5. These six suits have been brought by me for rent, and it is for the tenants to show that the relation of landlord and tenant between them and mo had been nut an end to. What is the date from which they say the under-tenure was annulled? See Ramtaran Kapali v. Asivini Kumar Dutt (1910) L. R. 37 Calc. 559, 566. This decision will, not bind the auction-purchaser. He should file a title suit. The notice is not sufficient. The sale does not ipso facto make void all incumbrances but they become voidable only at the option of the purchaser, which must be clear and unequivocal: Titu Bibi v. Mohesh Chunder Bagchi (1883) L. L. R. 9 Calc. 683 The effect of the auction-purchaser's action may be a strong desire only. We do not as yet know the actual quantity of land covered by these suits. The defence of jus tertii must be proved with regard to the whole tenure: Bha(sic)o Bibee v. Ram Kant Roy (1877) I. L. R. 3 Calc. 293. Leases of lands which may not have been expressLy leased for the purpose of making gardens thereon, but on which gardens have subsequently been made, arc excepted under Clause (1885) I. L. R. 12 Calc. 327. of Section 37 of Act XI of 1859,.and it does not matter if there are Some huts on some portion of the garden: Gobind Chandra Sen v. Joy Chandra Das (1885) I. L. R. 12 Calc. 327.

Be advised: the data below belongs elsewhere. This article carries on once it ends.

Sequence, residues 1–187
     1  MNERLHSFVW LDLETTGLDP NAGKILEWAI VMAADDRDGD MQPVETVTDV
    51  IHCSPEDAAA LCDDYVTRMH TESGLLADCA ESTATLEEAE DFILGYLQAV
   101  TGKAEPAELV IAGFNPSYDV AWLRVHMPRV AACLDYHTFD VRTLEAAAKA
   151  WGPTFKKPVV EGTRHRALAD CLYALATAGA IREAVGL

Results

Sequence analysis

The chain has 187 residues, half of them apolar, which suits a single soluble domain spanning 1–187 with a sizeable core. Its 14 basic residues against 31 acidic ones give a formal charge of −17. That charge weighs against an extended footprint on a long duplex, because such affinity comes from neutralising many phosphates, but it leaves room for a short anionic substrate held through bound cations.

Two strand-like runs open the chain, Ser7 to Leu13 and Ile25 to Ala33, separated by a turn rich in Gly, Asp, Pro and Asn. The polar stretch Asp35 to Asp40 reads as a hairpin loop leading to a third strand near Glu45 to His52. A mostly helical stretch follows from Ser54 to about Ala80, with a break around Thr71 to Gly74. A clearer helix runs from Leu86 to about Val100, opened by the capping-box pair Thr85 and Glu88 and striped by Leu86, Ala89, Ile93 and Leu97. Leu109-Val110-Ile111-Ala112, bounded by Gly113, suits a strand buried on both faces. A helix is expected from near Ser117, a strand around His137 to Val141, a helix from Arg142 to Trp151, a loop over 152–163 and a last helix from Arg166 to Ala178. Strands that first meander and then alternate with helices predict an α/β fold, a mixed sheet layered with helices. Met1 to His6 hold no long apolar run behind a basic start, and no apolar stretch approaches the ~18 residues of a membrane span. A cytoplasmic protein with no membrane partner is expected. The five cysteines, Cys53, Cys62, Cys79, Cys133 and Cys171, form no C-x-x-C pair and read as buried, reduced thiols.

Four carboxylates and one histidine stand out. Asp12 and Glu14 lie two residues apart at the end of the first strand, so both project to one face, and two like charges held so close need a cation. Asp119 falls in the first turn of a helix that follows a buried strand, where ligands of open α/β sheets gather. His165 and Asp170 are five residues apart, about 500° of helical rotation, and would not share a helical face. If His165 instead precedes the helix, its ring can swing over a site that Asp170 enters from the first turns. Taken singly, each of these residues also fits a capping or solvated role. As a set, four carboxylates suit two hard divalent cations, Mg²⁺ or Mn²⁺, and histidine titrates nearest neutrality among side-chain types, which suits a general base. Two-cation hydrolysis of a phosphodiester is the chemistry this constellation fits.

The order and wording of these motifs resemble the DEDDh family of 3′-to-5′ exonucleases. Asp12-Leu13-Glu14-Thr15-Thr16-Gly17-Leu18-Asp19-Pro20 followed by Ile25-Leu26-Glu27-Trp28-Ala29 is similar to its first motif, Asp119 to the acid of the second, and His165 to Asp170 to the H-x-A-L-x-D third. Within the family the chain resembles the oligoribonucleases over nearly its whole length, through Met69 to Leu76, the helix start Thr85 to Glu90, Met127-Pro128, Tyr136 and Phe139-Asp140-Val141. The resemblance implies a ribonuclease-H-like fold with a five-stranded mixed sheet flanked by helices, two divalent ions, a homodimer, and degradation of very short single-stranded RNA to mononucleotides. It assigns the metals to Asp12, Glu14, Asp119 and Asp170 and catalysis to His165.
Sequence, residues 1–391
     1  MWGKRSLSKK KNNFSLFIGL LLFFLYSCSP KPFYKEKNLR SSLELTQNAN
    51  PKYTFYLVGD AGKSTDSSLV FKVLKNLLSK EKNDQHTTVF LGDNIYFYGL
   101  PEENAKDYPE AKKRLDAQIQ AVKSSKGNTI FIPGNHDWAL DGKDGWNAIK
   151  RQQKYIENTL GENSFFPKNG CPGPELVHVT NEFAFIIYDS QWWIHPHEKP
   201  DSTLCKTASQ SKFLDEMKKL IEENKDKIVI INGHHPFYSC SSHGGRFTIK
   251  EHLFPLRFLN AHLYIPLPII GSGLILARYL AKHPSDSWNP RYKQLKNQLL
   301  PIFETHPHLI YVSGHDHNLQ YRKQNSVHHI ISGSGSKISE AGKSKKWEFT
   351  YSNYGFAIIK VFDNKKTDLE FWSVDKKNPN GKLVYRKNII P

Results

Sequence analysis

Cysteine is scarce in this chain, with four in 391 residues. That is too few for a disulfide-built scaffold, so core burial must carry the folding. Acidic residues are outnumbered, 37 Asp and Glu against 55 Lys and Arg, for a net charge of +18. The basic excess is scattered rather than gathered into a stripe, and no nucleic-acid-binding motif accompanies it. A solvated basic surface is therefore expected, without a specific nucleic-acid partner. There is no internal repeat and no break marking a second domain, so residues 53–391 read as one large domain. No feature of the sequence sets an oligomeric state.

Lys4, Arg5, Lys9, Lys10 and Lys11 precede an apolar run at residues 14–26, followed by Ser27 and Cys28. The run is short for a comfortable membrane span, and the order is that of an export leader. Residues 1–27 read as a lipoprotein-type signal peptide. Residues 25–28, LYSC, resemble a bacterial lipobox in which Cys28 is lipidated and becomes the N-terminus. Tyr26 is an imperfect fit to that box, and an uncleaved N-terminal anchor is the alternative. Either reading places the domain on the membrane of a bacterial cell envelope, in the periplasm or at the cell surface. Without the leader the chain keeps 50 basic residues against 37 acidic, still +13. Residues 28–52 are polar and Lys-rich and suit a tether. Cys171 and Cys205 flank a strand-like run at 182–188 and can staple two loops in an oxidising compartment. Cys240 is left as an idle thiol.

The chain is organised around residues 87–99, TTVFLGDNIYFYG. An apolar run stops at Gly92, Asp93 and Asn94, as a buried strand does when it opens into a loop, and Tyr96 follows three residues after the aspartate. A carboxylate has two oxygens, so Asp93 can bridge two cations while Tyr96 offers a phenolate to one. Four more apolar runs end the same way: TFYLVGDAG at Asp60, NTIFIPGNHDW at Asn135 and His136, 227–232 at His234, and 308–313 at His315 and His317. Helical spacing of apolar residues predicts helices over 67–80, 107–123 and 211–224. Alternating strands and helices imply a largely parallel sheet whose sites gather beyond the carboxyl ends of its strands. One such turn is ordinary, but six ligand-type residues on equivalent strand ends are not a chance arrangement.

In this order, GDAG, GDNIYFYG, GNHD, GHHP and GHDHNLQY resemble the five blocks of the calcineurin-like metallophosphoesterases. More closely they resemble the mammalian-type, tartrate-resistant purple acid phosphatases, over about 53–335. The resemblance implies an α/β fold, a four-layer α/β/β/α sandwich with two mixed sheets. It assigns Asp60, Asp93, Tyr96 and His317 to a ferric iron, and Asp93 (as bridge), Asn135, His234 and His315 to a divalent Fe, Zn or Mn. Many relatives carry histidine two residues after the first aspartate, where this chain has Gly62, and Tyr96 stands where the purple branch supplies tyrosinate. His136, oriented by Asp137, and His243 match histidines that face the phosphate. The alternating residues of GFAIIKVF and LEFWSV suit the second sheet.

6. Do you say that, if it has been a garden at any time, it is protected for ever?
7. I say that this provision is for the protection of the Government revenue.
8. Do not the words 'have been' mean 'are in existence up to the time of the sale?' No. Babu Dwarkanath Chakravarti, in reply.
Cur, adv. vult.
N. R. Chatterjea, J.
9. These appeals arise out of suits for recovery of rent of homestead lands comprised in a maurusi mokarrari tenure which belonged to the plaintiffs. The defence was that the tenure held by the plaintiffs had been extinguished by the sale of the estate, within which it is situated, for arrears of revenue under the provisions of Act XI of 1859, that the purchaser had entered info possession of the estate and that the defendants had paid the rents to the purchaser.